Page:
Where I haven’t been & what I am doing instead: looking at the figuresThursday, 30 April 2020
◄ Today I should be in Fray Bentos in Uruguay – of course I’m not, I’m locked down at home. To Brits and Australians it’s a familiar name associated with tinned meat pies. They’re made by Campbell’s Soup in Australia while in the UK the name, according to Wikipedia, ‘may engender sneers’ but it’s ‘an iconic British brand’ with a ‘cult following’.
The name translates from Spanish as Friar Benedict and the town of Fray Bentos in Uruguay is where those iconic meat pies started out. I was planning to be there today looking at the old Fray Bentos industrial centre, now a World Heritage site.
My South American travels would have started in Asunción in Paraguay. From the capital I would have travelled across the country by bus to the Iguazu Falls on the Brazil-Argentine border, I was planning to stay in both countries to check the falls from close up and to enjoy the view from a distance.
▲ Next stop would have been Montevideo, the Uruguayan capital which was in the news recently in Australia when the Polar Expedition ship Greg Mortimer was allowed to dock there and unload passengers, some with Covid-19 symptoms. The Australian and New Zealand passengers on board were flown back non-stop to Melbourne in Australia on 12 April. As you can see the passengers and crew were very grateful to Uruguay and Montevideo. From Montevideo, Uruguay’s ‘alternative Buenos Aires’ and a good city to explore by bicycle I understand, I was planning to travel along the coast and check the surf beaches, then head north to Fray Bentos before taking the ferry across the River Plate to Buenos Aires in Argentina, after I’d admired the colonial-era architecture of Colonia del Sacramento.
The Greg Mortimer was not the only homeless Antarctic cruise ship grateful to be able to head for Montevideo when Ushuaia at the tip of Tierra del Fuego – the usual Antarctic gateway – shut their harbour. Funny how ports which are usually so keen to see cruise ships suddenly change their minds when things go wrong? An even worse case was the British cruise ship Braemar which on 13 March was denied entry to the Bahamas, eventually on 16 March it offloaded passengers in Havana, Cuba. The British Ambassador sent an official thank you to the Cubans for their compassionate assistance. Perhaps the Braemar should have headed to the place where it is registered. Which for the last 17 years has been – uh – Nassau in the Bahamas. Good for avoiding tax, not so good when you need somewhere to dock?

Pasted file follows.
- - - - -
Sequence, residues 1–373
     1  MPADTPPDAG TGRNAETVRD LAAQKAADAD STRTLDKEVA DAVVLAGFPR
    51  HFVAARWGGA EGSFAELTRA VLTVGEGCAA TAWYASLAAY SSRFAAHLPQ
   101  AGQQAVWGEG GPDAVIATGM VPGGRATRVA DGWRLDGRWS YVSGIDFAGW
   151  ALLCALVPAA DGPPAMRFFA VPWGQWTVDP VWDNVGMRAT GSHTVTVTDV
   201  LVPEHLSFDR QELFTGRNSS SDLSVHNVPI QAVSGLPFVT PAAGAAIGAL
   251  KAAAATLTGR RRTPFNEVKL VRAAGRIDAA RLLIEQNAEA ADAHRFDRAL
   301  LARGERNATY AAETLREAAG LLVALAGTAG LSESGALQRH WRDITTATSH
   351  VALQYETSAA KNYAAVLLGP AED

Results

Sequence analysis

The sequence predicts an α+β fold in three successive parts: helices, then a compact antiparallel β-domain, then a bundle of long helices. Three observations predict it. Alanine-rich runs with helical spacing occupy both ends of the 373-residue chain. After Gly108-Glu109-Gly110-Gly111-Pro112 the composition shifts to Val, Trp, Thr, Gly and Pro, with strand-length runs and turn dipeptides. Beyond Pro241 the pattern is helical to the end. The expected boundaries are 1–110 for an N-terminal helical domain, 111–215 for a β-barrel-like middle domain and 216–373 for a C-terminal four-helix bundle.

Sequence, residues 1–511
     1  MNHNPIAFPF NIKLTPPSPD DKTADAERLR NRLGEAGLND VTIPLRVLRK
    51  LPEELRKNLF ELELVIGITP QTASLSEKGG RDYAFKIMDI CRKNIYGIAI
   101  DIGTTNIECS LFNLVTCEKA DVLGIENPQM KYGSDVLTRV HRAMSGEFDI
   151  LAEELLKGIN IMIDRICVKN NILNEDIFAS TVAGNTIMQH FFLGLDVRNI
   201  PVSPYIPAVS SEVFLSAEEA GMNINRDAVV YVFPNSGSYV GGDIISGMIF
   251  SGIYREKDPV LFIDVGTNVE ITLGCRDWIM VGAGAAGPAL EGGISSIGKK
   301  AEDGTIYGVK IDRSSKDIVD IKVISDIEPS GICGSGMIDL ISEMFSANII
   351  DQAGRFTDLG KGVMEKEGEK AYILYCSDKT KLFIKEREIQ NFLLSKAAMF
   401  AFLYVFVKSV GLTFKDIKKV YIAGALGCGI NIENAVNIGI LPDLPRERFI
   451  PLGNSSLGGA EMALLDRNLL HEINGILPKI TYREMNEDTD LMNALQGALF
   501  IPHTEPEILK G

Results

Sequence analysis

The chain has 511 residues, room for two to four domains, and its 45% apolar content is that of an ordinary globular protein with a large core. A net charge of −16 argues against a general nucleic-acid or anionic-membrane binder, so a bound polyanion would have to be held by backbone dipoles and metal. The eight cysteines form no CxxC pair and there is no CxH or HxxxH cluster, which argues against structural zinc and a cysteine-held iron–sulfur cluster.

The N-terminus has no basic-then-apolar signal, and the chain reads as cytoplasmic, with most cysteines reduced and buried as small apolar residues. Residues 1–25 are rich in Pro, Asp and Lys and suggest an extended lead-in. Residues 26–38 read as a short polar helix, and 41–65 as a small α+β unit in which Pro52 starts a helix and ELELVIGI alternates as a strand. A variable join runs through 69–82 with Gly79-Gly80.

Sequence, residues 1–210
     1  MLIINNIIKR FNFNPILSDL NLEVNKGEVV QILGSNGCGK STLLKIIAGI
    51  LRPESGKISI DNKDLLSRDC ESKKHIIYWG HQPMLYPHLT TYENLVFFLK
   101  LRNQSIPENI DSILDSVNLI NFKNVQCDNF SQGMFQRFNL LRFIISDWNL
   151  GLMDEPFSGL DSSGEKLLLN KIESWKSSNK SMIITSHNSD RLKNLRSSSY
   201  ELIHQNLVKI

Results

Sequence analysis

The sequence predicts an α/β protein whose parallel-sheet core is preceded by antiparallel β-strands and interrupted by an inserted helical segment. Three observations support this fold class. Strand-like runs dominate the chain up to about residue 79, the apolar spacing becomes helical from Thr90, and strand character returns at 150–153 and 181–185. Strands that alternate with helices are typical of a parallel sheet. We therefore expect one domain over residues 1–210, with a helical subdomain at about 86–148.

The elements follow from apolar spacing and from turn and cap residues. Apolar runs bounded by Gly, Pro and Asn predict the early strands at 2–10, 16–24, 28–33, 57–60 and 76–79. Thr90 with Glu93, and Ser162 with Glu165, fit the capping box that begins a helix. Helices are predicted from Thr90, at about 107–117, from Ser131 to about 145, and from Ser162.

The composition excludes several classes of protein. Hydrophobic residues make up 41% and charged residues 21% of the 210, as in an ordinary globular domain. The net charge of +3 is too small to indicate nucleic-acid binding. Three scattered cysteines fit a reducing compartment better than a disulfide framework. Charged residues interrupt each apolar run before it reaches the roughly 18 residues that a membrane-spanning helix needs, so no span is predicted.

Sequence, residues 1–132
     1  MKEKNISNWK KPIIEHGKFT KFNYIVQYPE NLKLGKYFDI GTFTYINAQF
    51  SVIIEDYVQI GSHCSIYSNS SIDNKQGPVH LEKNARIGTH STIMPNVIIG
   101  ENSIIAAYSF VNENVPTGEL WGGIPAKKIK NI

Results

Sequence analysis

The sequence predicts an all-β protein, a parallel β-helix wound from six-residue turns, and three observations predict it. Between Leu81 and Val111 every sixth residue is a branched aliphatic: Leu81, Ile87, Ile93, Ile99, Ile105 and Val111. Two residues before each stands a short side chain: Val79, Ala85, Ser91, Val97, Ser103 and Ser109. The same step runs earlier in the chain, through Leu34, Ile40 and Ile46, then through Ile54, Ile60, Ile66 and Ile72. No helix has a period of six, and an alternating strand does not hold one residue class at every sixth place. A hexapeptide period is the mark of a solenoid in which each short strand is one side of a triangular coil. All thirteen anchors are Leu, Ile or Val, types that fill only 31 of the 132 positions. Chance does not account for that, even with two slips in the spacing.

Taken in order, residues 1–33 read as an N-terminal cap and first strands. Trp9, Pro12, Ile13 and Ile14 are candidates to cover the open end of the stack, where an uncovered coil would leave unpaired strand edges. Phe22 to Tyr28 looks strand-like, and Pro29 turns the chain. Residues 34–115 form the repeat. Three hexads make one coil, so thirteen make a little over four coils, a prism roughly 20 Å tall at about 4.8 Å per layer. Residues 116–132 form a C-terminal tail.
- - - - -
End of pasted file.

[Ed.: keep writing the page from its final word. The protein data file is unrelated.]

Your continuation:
◄ Of course like many people I’m spending an exponentially increasing amount of time studying exponential graphs. Assorted thoughts:
• Funny how the countries doing a better job of coping with Covid-19 are often run by women – Germany – Angela Merkel, Taiwan – Tsai Ing-wen, Hong Kong – give Carrie Lam her due, and most particularly New Zealand – Jacinda Ardern
• I look at all the big figure countries – play Trump’s ‘you’ll be tired of winning’ speech as you watch the USA win this one.
• I worry about how the UK is heading towards overtaking Italy, France and Spain as the worst death figures in Europe and the worst in the world after the USA.
• I note how Mexico to the south and Canada to the north are both doing better than the USA.
• But I also note how the USA picture would look a lot better if you pulled the two disaster zones, New York State and New Jersey, out of their picture. And the two big states – California and Texas – have figures which make Germany look like an also ran.
• It’s interesting to see academic studies of who did things right and who did them wrong – like this story from The Conversation which compares Italy, UK, Sweden, Singapore, New York State in the USA, New South Wales State in Australia.
• And then another report from The Conversation about why things started well in Singapore, but then ran off the rails. The answer? Appalling treatment of the large guest worker population. Singaporeans returning to the city state were amazed at how they were ‘confined’ in five star hotels. Meanwhile workers from India and Bangladesh were packed into overcrowded rooms so it was no surprise when on 28 April Singapore had 528 new cases, 511 from migrant dormitories and another seven migrant workers even if they weren’t in dormitories. The story has been similar in UAE and Qatar, two other countries with big populations of badly treated migrant workers.
• I’ve noted that – at least a few days ago – there were less reported cases in all of Africa than in the Netherlands, population 17 million. Of course we worry how accurate the African figures are.
• Plus I keep an eye on the countries which have got on top of the virus – South Korea, Hong Kong, Australia, New Zealand, or never let it get started – Taiwan and, remarkably, Vietnam and Cambodia. Check this New York Times story on the Vietnamese response. In Europe Austria and, now Switzerland, seem to have turned things around and Greece is another country which battered the virus away from the beginning. Again the New York Times has a story.